LONDON, England (CNN) -- Imagine a life where each morning you cycle to work, and come home at night to tend your allotment and eat a dinner of locally produced food.
In order to move to a zero-carbon lifestyle, livestock and produce will need to be locally sourced.
Maybe after your meal you take a walk down the car-free streets to the nearest bar where you buy a round of drinks with locally produced currency and settle down in a corner to watch a troupe of musicians play some local folk music.
It might sound like some kind of fairytale arcadia -- a return to the simple lives of our forefathers, before fossil fuels and consumer culture turned everything on its head.
In fact this is how many people are beginning to envision our future -- a world where we come to terms with inevitable fuel shortages and work towards a less energy-dependent lifestyle.
This vision has found a voice in the "transition initiative," a movement that encourages towns, villages and cities across the world to begin the process of preparing themselves for a carbon-free world.
The first so-called transition town was pioneered in the southwest English town of Totnes, by the inventor of the concept Rob Hopkins, 18 months ago.
Since then almost 50 other places in Britain have signed up to the movement, as well as a smattering of towns in New Zealand and Australia.
Hopkins, 38, who lives with his family in Totnes, says people have seized upon the transition initiative because it offers an "empowering, inspiring" vision of the post-oil age.
"It has grown into a vacuum -- there is nothing else that looks at ways to respond to peak oil and climate change that feels good," Hopkins says.
Hopkins' beliefs about the looming energy crisis are summed up by the title of American environmentalist writer Richard Heinberg's 2003 book on the subject -- "The Party's Over."
Heinberg, who provides the foreword to a handbook Hopkins has recently published on the transition initiative, estimates we are very close to reaching a state of peak oil -- the point at which half of the world's oil reserves have been used up and thereafter supply goes into freefall.
A lack of any viable alternative energy sources means human communities will have no choice but to cut back energy use, the book argues.
Since governments and big business seem unable, or else unwilling, to deal with these problems head-on, Hopkins believes the change must come in the first instance from the grassroots.
"We have to be looking to break our oil dependence and get to being a zero carbon society within 20 years. We don't have any choice in this if we want our children to have any kind of lives.
"Of course, much of this needs to come from government level, but to make cuts of that nature will need a lot of things that don't tend to make governments very popular, such as carbon rationing.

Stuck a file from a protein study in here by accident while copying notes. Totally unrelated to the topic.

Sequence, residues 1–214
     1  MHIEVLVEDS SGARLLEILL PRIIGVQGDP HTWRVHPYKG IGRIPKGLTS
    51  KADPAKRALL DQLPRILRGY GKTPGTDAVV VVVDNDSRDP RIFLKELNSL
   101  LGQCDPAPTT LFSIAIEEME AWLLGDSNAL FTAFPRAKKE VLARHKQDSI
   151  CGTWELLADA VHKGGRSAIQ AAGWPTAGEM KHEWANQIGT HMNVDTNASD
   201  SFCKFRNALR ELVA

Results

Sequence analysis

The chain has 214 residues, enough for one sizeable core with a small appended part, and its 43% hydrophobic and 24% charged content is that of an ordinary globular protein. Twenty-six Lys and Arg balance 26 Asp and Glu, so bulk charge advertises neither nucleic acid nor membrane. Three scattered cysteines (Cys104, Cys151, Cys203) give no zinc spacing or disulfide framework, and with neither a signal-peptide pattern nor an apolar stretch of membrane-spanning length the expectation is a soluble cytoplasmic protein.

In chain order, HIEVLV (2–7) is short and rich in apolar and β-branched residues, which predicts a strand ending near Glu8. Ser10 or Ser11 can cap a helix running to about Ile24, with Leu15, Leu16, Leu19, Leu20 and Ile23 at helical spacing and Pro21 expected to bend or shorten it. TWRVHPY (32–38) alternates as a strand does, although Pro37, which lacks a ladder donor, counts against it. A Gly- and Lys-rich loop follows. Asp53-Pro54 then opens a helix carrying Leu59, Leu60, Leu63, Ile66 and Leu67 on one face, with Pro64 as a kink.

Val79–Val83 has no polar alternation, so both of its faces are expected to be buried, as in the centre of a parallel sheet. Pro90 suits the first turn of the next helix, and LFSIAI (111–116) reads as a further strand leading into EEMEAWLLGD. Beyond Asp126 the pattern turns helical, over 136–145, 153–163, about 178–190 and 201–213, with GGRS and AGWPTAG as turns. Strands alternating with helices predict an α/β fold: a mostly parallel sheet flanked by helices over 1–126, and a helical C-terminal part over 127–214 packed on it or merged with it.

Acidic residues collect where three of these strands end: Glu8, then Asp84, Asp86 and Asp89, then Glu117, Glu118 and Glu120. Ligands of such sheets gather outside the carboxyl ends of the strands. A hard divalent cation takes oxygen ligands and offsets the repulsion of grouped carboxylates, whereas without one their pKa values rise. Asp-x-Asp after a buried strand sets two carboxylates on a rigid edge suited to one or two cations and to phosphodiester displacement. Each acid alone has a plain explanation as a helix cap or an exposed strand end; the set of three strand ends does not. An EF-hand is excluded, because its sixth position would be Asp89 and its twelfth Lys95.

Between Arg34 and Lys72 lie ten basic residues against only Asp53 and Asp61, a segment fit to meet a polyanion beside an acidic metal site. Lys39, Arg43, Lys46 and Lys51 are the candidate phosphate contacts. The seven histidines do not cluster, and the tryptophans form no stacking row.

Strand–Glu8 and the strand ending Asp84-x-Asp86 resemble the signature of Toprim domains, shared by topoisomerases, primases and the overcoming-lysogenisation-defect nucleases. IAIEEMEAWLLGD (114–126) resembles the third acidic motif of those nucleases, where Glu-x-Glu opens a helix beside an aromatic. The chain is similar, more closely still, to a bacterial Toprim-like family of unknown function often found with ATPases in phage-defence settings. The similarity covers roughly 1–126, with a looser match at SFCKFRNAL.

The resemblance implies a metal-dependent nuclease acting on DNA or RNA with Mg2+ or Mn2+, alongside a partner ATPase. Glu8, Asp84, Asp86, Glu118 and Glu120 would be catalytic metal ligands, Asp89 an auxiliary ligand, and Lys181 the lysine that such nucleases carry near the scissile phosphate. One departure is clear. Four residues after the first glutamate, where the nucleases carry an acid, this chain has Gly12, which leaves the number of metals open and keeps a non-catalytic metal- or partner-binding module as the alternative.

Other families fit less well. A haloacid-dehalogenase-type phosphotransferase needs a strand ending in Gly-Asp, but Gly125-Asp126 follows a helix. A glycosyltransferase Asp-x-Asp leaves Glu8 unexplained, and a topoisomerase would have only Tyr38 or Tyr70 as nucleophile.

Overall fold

"The idea with transition is to engage communities in pushing for these things, so as to take the fear out of making these decisions for politicians."
One way of doing this is through an "energy descent pathway," a step-by-step plan compiled by residents designed to wean the town away from a reliance on carbon fuels. Some transition towns are already beginning to implement the plan.
Other initiatives trialed in Totnes include planting nut trees to provide emergency food supplies and the setting up of locally-run energy and construction companies to increase self-reliance.
Just over a year ago the town also introduced its own currency -- the Totnes pound. Accepted in 18 shops in the town and borrowing its design from an 1810 local banknote, Hopkins believes it is a sign of things to come.
"Historically, when economies run into trouble, local currencies proliferate. In Argentina when the economy collapsed a few years ago, they appeared all over the country.
"They are inevitable because we will need currencies that are locally loyal, that make more things happen before they leave the economy than (pound) sterling does."
To some this return to localism might sound like a step back.
Although Hopkins acknowledges drawing inspiration from the past -- part of the transition process involves consulting with older members of the community to find out what life was like when people were more self-reliant -- he insists he's not being regressive, only realistic.
"The transition approach is not about convincing anyone to give up anything. It is about saying that many of the things we increasingly take for granted will become steadily more expensive and less and less dependable.
"We are entering a world where there will be a lot less energy available, and this will affect all aspects of our lives, and we need to start planning creatively now." E-mail to a friend
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